This functionality is useful if you need to:

  • Save the representation as an independent HTML file that can be accessed via web browser
  • Use custom display methods as the ones needed in Databricks to visualize HTML objects

Example (head and model views):

from transformers import AutoTokenizer, AutoModel, utils
from bertviz import head_view

utils.logging.set_verbosity_error()  # Suppress standard warnings
tokenizer = AutoTokenizer.from_pretrained("bert-base-uncased")
model = AutoModel.from_pretrained("bert-base-uncased", output_attentions=True)

inputs = tokenizer.encode("The cat sat on the mat", return_tensors='pt')
outputs = model(inputs)
attention = outputs[-1]  # Output includes attention weights when output_attentions=True
tokens = tokenizer.convert_ids_to_tokens(inputs[0]) 

html_head_view = head_view(attention, tokens, html_action='return')

with open("PATH_TO_YOUR_FILE/head_view.html", 'w') as file:
    file.write(html_head_view.data)

Example (neuron view):

# Import specialized versions of models (that return query/key vectors)
from bertviz.transformers_neuron_view import BertModel, BertTokenizer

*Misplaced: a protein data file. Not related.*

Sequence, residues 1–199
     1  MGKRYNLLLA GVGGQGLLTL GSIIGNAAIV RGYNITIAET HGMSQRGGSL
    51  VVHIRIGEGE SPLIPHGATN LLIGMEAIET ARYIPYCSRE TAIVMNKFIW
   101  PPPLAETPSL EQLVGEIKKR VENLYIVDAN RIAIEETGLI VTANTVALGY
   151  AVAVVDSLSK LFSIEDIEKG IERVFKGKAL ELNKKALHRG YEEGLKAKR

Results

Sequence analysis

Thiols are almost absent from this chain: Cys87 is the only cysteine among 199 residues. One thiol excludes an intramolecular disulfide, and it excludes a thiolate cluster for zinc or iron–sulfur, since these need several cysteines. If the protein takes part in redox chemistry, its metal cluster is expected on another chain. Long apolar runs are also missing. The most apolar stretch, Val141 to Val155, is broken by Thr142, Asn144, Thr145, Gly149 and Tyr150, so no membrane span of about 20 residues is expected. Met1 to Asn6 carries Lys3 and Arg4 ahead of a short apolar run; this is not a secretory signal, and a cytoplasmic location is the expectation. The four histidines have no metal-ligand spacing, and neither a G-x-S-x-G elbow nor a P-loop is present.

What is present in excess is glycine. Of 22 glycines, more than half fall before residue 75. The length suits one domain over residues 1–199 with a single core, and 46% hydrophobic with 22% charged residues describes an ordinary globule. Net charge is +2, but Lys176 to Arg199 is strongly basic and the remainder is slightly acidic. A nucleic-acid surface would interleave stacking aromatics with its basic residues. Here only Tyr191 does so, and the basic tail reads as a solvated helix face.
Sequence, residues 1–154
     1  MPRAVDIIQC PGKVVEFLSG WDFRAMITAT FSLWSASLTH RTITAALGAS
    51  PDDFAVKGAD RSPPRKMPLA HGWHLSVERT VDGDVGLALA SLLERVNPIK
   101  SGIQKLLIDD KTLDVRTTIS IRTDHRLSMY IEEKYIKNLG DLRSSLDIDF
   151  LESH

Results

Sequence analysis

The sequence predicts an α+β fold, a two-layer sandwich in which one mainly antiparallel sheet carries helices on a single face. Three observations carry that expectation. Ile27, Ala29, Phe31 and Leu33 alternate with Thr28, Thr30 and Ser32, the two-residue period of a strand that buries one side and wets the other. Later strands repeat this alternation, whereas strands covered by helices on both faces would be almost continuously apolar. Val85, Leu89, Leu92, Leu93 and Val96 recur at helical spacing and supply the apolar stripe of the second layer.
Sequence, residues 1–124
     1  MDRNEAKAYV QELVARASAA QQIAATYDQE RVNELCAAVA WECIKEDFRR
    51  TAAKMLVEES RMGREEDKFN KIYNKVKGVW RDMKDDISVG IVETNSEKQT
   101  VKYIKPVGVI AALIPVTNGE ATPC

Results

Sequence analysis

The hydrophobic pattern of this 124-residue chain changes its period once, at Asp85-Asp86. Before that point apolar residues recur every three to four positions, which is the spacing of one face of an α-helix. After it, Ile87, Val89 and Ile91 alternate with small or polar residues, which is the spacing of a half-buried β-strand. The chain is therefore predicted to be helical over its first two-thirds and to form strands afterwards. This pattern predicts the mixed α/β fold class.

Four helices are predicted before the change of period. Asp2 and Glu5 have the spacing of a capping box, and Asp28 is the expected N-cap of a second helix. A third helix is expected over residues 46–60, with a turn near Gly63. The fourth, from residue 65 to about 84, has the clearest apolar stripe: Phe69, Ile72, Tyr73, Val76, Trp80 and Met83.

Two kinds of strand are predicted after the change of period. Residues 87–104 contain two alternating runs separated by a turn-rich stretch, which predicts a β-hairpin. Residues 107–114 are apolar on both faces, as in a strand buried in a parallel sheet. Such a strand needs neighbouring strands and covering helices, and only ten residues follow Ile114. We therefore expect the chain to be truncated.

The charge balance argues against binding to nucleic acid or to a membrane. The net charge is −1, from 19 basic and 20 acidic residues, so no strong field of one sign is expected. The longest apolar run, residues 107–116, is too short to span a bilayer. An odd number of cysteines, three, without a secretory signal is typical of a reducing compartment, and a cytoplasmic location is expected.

from bertviz.neuron_view import show

model_type = 'bert'
model_version = 'bert-base-uncased'
do_lower_case = True
sentence_a = "The cat sat on the mat"
sentence_b = "The cat lay on the rug"
model = BertModel.from_pretrained(model_version, output_attentions=True)
tokenizer = BertTokenizer.from_pretrained(model_version, do_lower_case=do_lower_case)
html_neuron_view = show(model, model_type, tokenizer, sentence_a, sentence_b, layer=2, head=0, html_action='return')

with open("PATH_TO_YOUR_FILE/neuron_view.html", 'w') as file:
    file.write(html_neuron_view.data)

Non-Huggingface models

The head view and model view may be used to visualize self-attention for any standard Transformer model, as long as the attention weights are available and follow the format specified in head_view and model_view (which is the format returned from Huggingface models). In some case, Tensorflow checkpoints may be loaded as Huggingface models as described in the Huggingface docs.

⚠️ Limitations

Tool